INTERVIEWS, REVIEWS & RELATED ARTICLES
"Craft is what enables you to be successful
when you're not inspired." - Brian Eno
Uncut DECEMBER 2011 - by David Cavanagh
CAN: TAGO MAGO
Fortieth anniversary reissue of Krautrock's greatest double album, with a bonus disc of live material from '72.
"The castle discovered with the excavation rectangular four bay window towers was twenty-five metres about eleven times and had a kennel offshore to the north." (Make allowances: it's a German-English translation website.) "Werner von Vlatten, a clerk between 1366 and 1394, might have inhabited them. His son Wilhelm, after a division, owned the castle." (Here comes the relevant bit.) "In 1968-9 the rock group Can furnished their studio here." (The quintet based themselves at the castle for three years, before relocating to a disused cinema at Weilerswist.)
The castle - Schloss Nörvenich in North Rhine-Westphalia - was where Tago Mago, surely Krautrock's greatest double album, was recorded over several months in 1971. It's a record with a powerful reputation, and not just because it inspired bands like Radiohead and PiL. Links with Satanism and witchcraft have been suggested over the years; we've read of Can learning "forbidden rhythms" from West Africa, and having a fascination with Aleister Crowley. Irmin Schmidt's grim bellow on Aumgn, as he intones as if from a coffin, is as chilling as rock vocals get, akin to an encounter with a cloven-hoofed goat-creature. The word 'aumgn' is derived from Om (or Aum), the sacred incantation in Hinduism and Buddhism, but it was also, according to his disciples, "Crowley's ultimate word of power" - the word he believed would enable him to rule the planet by magick. Schmidt stretches out the two syllables ('aum-gn') for twenty or thirty seconds at a time, while a violin saws away and a double bass circles menacingly like the Jaws theme. The music loses all inhibition, building orgiastically to a frenzy.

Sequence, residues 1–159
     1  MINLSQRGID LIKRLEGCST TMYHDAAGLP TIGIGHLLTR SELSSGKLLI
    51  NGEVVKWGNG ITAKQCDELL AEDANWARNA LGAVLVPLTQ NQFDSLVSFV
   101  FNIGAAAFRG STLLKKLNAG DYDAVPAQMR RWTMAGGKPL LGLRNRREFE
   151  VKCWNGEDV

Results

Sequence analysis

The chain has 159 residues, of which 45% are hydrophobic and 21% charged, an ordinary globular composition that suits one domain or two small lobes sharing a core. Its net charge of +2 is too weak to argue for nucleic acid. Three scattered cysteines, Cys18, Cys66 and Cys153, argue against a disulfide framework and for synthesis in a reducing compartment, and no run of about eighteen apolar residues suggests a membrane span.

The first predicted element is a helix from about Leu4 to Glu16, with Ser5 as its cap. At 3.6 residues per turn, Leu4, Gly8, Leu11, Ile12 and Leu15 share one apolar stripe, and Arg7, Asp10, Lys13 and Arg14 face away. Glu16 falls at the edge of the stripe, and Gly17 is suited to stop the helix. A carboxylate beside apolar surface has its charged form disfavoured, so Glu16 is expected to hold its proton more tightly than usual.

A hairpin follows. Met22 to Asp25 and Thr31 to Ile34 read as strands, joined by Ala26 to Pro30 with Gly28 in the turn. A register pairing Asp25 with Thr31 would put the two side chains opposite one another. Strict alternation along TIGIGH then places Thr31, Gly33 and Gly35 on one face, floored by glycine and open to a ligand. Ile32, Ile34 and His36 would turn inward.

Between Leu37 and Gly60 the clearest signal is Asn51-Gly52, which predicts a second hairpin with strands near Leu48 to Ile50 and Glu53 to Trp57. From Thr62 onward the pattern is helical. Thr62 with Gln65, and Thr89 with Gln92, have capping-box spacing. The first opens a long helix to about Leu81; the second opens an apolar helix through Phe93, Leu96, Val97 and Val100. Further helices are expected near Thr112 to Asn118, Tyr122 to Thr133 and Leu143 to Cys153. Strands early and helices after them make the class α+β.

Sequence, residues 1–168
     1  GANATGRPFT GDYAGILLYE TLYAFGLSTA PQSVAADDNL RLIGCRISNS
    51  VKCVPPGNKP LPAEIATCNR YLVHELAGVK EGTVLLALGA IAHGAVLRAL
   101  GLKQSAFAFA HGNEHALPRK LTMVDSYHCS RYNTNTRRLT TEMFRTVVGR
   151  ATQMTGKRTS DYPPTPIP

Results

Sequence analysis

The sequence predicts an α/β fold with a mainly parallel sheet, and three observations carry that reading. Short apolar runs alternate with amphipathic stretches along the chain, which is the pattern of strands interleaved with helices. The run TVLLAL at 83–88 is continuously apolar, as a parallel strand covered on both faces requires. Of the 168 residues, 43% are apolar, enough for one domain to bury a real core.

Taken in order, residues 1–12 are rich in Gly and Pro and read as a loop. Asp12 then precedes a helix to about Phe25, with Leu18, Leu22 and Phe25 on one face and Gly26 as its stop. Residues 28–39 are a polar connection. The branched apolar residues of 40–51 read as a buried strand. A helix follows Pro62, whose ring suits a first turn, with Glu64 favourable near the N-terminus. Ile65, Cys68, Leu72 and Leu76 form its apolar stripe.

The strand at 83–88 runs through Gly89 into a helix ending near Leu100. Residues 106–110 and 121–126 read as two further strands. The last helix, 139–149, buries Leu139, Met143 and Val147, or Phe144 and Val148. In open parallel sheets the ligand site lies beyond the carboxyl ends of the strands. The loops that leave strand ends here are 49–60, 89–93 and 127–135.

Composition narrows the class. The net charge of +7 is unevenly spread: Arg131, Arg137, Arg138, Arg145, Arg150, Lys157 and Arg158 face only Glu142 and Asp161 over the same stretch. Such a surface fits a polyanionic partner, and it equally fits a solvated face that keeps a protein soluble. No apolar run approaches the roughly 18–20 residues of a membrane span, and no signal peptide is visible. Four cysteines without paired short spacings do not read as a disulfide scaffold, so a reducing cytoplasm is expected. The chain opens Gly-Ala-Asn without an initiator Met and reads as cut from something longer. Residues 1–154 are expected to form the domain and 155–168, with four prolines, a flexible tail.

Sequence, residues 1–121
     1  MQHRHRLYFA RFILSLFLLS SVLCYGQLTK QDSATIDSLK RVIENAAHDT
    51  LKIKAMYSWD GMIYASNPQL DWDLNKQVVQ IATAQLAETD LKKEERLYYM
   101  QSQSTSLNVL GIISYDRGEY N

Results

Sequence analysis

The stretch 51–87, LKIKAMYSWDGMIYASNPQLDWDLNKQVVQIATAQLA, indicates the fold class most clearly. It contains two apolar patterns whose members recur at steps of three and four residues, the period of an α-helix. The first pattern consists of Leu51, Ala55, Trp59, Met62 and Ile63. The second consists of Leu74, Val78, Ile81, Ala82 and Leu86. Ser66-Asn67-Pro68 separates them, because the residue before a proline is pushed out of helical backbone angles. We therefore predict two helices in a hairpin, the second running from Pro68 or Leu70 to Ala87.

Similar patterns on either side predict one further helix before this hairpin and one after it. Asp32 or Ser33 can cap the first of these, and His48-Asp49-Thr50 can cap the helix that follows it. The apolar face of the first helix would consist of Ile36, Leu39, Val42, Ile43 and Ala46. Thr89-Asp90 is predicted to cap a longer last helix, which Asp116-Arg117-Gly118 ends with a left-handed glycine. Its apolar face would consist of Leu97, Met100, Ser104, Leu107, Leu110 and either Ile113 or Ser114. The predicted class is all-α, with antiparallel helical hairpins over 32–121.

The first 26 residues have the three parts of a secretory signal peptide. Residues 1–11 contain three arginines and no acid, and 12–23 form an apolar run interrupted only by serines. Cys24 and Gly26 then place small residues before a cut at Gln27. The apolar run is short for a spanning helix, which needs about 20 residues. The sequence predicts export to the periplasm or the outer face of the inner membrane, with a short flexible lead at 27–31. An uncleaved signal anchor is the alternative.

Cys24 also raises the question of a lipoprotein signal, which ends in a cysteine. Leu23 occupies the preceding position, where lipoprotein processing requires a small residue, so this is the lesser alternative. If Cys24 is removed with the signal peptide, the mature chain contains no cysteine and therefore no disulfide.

The rhythms on Tago Mago; they get into your eyeballs. When drummer Jaki Liebezeit first invented the hypnotic beat that became the foundation for Halleluhwah, it caused such a strong reaction in guitarist Michael Karoli that he began hallucinating. He begged Liebezeit to keep playing it, and we can empathise; it's a groove that seems to suck our minds into its sorcerous clutches. Liebezeit, one of the acknowledged masters of the drums, could create these mesmerising patterns at will. On Mushroom we hear him judging the weight of his foot-pedal like a chemist measuring drops of liquid from a beaker to a flask. On Paperhouse, he sensually tickles the drowsy 6/8 beat in the opening bars, only to beat his drums and cymbals viciously when Karoli leads the charge into squealing acid-rock. At times, Can reveal a technical expertise on a par with prog-rockers like King Crimson, but Can always placed technique second to the communal responsibilities of improvisation. Schmidt, for example, would take his hands off his keyboards if he felt he had nothing to add. The music on Tago Mago was derived not from songwriting but from extensive jamming at the castle, which bassist Holger Czukay edited down into shorter pieces. Not too short, though. Even abridged, Aumgn lasts more than seventeen minutes, and Halleluhwah runs to eighteen-and-a-half.